Patients with abdominal trauma may require significant resuscitation and analgesia prior to formal abdominal assessment (Fig 1). In all cases where there is suspicion of abdominal trauma and blood loss, an urgent cross-match sample must be sent.

In haemorrhagic shock, the priority is resuscitation to restore adequate tissue perfusion and oxygen delivery. Adequate intravenous analgesia should be administered promptly and not delayed whilst investigations are obtained.

Learning bite

A patient should always receive adequate intravenous opioid analgesia titrated to clinical response.

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Fig 1 Fluid replacement therapy and analgesia for the patient in hypovolaemic shock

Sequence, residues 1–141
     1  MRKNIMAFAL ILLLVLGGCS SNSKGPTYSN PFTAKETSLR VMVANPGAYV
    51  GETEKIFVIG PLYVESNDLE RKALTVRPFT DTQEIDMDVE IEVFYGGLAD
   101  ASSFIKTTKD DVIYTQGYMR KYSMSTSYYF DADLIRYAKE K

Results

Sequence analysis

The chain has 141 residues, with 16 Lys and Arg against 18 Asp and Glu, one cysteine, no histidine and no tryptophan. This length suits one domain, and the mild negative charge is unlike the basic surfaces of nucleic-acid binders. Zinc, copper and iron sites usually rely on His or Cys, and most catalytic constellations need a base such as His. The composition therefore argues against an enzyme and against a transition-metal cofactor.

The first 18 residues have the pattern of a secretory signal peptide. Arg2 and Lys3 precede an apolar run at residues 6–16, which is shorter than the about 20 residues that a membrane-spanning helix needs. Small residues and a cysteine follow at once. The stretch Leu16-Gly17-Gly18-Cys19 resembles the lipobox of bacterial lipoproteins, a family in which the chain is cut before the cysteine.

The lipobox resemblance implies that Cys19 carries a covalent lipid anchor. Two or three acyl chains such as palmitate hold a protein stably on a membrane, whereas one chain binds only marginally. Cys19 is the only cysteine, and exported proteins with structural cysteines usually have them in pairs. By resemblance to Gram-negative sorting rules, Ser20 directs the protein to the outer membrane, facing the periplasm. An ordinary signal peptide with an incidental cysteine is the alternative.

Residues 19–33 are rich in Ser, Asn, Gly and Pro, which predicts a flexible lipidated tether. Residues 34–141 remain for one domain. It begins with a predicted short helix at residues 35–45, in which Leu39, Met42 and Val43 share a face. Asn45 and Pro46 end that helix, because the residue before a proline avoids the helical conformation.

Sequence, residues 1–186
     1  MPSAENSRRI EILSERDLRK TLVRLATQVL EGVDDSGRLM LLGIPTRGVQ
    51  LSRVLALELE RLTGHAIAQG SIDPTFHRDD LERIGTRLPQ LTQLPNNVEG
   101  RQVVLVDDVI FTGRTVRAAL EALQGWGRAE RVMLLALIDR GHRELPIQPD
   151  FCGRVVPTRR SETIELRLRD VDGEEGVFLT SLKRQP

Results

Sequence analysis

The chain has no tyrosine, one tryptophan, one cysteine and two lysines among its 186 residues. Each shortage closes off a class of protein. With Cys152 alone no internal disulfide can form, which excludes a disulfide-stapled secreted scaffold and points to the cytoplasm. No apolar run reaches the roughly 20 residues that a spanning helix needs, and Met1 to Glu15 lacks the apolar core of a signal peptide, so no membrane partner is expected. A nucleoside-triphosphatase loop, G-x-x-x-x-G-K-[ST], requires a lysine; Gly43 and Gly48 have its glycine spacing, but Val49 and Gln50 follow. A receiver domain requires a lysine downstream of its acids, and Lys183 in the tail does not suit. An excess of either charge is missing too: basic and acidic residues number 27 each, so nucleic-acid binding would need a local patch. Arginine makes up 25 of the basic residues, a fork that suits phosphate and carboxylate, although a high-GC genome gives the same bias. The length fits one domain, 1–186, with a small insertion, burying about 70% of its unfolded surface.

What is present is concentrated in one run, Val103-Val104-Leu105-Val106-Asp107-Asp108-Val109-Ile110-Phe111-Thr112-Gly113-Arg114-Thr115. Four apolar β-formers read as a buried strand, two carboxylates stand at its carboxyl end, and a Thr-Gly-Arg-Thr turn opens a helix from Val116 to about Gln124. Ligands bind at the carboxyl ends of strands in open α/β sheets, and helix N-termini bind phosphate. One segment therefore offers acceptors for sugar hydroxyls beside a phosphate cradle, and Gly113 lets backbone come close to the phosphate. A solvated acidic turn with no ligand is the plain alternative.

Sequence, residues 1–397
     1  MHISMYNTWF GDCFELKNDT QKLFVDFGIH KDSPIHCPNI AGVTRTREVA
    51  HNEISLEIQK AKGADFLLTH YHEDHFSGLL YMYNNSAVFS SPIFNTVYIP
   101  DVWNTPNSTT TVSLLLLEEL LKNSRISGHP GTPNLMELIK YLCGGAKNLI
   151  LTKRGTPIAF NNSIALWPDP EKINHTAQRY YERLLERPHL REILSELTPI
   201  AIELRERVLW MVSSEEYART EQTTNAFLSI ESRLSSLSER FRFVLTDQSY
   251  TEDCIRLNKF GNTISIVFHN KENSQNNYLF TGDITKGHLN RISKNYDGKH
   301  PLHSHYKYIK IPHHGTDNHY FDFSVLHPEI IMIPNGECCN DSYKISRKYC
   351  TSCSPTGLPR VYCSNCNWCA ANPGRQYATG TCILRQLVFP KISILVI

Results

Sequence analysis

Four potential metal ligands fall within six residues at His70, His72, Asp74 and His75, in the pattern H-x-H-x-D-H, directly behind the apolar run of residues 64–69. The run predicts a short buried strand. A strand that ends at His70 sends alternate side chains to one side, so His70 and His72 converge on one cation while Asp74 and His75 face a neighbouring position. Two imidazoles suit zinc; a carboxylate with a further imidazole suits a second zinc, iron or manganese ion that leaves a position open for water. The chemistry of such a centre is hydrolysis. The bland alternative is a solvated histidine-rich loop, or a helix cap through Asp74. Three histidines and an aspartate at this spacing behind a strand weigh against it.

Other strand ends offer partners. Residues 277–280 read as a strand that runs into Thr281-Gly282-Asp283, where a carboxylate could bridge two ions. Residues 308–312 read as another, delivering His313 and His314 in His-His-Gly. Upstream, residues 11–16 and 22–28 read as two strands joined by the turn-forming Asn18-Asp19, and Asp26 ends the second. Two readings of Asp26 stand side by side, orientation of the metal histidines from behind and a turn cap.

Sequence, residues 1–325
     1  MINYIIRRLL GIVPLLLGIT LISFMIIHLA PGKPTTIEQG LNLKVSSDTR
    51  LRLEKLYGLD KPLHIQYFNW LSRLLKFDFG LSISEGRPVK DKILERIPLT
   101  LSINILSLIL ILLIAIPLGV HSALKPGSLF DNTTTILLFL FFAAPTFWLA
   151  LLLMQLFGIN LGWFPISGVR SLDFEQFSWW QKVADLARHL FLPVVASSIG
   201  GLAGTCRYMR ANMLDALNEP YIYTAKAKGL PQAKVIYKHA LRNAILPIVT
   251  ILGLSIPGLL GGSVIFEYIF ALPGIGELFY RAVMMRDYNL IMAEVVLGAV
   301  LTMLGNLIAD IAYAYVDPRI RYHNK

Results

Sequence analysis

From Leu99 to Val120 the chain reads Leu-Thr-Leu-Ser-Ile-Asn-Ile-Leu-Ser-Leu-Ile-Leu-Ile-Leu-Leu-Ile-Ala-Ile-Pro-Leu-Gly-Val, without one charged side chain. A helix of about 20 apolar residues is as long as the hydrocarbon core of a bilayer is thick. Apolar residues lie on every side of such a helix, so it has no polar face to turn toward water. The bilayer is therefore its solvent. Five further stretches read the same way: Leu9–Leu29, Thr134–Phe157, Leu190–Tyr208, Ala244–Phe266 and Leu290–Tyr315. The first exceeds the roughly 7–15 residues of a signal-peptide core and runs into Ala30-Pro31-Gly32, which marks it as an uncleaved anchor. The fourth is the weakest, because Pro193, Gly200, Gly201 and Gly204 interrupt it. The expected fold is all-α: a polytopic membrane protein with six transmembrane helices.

Management of Haemorrhagic Shock

Normal saline is the recommended initial intravenous resuscitation fluid. High flow oxygen and blood products, if appropriate, will maximise the oxygen-carrying potential of the intravascular fluid.

Management of haemorrhagic shock involves restoration and maintenance of circulating volume and tissue perfusion until bleeding is controlled. A patient who is GCS 15 and physiologically normal can be viewed as being adequately resuscitated, although frequent reassessment of this state is required. A patient who is initially haemodynamically normal and has no sign of significant abdominal injury can be treated in an observant fashion.

Table 1 The grades of hypovolaemic shock

  Grade I Grade II Grade III Grade IV
Blood loss <750ml 750-1500ml 1500-2000ml >2000ml
Pulse normal tachy tachy weak
Blood pressure normal raised diastolic lowered systolic very low
Mental state normal agitated confused obtunded
Urine output 30ml/h 20-30ml/h 5-15ml/h <5 ml/h
Respiratory rate normal normal tachypnoeic tachypnoeic